Most academic libraries would probably want to offer the sort of personalization features to their user communities that those users have come to expect with web retailers such as Amazon and Netflix. Consider “pushing” to a user news about some recent articles that are on the same topic as ones he or she retreived within the last few weeks. I imagine our users might like that sort of thing – or they might consider it an invasion of their privacy. It appears that concern won’t stop a few libraries from moving further into the realm of personalization.
Personalization versus privacy is the subject of an article in Sunday’s New York Times. It mentions projects at North Carolina State University and Notre Dame that will make it possible for the library to recommend new articles or other items based on previous uses of the collection. Other librarians from different segments of the profession, as well as a user or two, are asked about their concerns over data collection for the development of a personalized research system. Given the current Patriot Act environment in which we find ourselves there are some who observe that the less private data collected by libraries the better off we all are. But then again, should we let those concerns stand in the way of progress. Sounds like we’ll need to talk about this more with our users to find out if they are willing to sacrifice privacy for personalization.
That’s the title of a provocative presentation made by Gregg Silvis, of the University of Delaware Library systems office, at the annual PALINET meeting. I made a reference to this program in an earlier post, and I finally attended last Monday. Silvis began with a retrospective of OPAC development, and reminded everyone of how much maintenance work legacy catalogs used to require. You may date yourself if “filing above the rod” actually holds some meaning for you. Our catalog history is largely one of massive duplication of effort. Even though bibliographic networks and library automation eliminated many forms of duplication, to this day thousands of academic libraries duplicate effort when they maintain their local OPAC. Silvis’ radical solution to the duplication is to forego all local loading of catalogs, and instead use WorldCat as a shared, universal OPAC.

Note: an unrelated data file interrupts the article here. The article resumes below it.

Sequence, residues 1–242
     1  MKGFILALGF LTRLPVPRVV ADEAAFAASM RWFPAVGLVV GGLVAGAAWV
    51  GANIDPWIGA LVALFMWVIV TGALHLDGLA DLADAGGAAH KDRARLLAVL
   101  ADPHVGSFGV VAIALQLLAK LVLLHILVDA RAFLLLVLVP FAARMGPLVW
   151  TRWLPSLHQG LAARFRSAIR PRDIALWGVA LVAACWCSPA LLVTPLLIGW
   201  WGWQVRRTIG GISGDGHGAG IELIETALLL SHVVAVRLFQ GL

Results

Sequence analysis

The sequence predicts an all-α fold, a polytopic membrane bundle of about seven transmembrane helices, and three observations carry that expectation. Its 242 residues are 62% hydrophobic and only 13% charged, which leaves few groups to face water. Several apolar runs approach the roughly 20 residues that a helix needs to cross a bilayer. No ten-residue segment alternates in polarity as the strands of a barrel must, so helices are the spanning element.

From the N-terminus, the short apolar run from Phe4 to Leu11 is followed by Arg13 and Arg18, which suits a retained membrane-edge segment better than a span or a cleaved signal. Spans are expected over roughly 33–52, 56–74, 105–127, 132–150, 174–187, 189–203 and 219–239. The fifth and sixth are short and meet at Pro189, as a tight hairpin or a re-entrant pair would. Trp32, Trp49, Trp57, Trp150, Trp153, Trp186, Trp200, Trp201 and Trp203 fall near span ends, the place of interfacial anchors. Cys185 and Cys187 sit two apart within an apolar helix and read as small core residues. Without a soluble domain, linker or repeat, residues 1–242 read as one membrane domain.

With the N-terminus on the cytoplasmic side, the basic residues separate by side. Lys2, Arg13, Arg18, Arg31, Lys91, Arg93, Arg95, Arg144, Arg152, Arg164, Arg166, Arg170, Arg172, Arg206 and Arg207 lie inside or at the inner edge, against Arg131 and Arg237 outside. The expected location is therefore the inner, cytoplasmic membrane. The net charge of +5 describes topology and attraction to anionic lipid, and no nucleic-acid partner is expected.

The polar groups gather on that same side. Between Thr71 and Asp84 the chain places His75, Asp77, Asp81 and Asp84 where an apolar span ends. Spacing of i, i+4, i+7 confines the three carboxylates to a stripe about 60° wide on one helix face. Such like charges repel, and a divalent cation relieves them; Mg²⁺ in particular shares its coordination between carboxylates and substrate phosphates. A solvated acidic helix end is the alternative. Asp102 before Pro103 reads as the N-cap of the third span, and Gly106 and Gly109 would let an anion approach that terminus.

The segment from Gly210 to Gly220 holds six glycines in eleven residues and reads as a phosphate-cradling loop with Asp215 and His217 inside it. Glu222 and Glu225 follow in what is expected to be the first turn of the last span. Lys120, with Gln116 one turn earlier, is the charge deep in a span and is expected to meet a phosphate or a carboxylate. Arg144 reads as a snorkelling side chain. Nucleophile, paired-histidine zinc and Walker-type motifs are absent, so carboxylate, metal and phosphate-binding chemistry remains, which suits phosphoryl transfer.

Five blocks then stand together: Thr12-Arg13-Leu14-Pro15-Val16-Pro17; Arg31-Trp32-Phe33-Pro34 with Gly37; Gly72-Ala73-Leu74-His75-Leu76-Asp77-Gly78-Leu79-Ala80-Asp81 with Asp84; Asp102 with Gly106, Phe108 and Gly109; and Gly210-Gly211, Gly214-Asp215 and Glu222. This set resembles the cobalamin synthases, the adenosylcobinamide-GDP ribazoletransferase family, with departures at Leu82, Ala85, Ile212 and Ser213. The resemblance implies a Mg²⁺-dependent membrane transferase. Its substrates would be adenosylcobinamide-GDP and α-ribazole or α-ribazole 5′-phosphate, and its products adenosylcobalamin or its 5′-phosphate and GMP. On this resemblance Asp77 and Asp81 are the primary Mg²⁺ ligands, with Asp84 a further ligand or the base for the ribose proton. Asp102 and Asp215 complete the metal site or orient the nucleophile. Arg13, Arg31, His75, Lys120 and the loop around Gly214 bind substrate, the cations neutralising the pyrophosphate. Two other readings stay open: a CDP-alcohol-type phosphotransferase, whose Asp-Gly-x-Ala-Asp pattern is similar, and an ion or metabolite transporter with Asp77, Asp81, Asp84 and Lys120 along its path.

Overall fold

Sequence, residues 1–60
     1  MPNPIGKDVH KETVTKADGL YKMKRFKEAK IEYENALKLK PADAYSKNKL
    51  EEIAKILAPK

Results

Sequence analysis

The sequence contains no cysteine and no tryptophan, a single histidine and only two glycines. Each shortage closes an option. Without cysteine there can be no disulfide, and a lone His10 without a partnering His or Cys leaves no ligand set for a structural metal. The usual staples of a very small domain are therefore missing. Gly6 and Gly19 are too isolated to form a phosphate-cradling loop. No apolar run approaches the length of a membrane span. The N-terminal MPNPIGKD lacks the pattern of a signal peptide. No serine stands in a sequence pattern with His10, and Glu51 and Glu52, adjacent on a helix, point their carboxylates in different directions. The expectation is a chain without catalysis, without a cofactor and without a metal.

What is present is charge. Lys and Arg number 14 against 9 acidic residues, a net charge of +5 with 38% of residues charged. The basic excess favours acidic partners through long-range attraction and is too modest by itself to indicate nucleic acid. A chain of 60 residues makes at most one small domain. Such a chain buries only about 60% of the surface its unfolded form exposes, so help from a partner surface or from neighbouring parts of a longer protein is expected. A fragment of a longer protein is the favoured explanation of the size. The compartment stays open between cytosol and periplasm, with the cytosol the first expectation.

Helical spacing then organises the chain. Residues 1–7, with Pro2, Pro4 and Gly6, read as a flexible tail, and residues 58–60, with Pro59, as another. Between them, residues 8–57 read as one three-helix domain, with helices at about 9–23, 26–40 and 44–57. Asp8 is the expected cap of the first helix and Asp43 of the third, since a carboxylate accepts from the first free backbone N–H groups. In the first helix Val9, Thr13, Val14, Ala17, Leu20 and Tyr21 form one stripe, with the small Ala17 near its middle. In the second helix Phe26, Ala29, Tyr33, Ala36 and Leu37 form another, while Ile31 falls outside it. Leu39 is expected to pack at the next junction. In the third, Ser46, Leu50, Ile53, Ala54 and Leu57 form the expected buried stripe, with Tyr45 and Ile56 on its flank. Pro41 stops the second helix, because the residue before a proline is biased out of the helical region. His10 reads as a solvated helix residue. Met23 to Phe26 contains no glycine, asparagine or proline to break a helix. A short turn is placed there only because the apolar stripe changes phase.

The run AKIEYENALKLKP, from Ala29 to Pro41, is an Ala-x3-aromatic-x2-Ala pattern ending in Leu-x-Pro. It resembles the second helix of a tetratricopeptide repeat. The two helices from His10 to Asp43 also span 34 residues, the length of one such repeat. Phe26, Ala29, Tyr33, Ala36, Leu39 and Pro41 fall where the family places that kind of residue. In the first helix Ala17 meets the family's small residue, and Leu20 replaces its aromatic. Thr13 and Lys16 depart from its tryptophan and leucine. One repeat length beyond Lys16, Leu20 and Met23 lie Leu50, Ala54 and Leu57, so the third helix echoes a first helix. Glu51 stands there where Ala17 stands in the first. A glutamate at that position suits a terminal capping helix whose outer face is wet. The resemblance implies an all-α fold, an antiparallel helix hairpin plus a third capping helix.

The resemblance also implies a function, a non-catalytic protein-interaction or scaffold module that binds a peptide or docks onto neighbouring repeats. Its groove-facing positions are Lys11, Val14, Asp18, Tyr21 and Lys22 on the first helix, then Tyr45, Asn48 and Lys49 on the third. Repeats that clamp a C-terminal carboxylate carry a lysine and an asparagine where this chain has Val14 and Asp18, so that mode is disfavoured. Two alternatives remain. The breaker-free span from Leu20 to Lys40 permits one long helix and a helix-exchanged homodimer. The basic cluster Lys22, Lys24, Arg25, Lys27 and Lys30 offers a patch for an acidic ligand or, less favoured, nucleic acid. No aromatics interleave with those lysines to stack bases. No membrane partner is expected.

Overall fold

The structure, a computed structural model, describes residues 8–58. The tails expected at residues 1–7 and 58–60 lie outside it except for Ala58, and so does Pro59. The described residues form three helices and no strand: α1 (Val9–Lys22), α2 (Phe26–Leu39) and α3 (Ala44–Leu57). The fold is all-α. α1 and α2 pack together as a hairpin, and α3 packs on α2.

Silvis acknowledges that his vision for the OPAC is conceptual and short on specifics. His immediate goal is to share the idea with colleagues for feedback and refinement. He also reminds us there is more to library systems than the local OPAC; acquisitions, serials, and circulation are largely local entities and need to remain that way. But he clearly demonstrated how much of the information provided in the OPAC is available through WorldCat records. Among the advantages are a standardized and better interface than most OPACs. A uniform OPAC could allow for the display of only local holdings when desired. Challenges include a host of serials issues, potentially incomplete holdings information, and an inability to manage item specific information such as special collections material.
While it’s an idea that clearly needs more work it is not without merit. If we could manage to centralize the primary types of information into a national OPAC, it would indeed eliminate vast amounts of duplication conducted at local libraries. Those now performing that work could shift to public services where more outreach is needed, or could focus attention on local collections where backlogs exist, such as the archives or special collections. Clearly there are significant stakes in such an idea for OCLC and library automation vendors. While some pundits are calling for a radical re-thinking of the OPAC interface, this idea goes beyond that in many ways. We don’t necessarily need an OPAC interface that supplies a “Google experience” for library users. It may be we need one that just provides consistency. Silvis says he plans to give the presentation a few more times, and to continue gathering feedback from academic librarians that will help to refine the concept. I encouraged Silvis to turn the presentation into an article. It seems like an idea worthy of reaching a wider audience.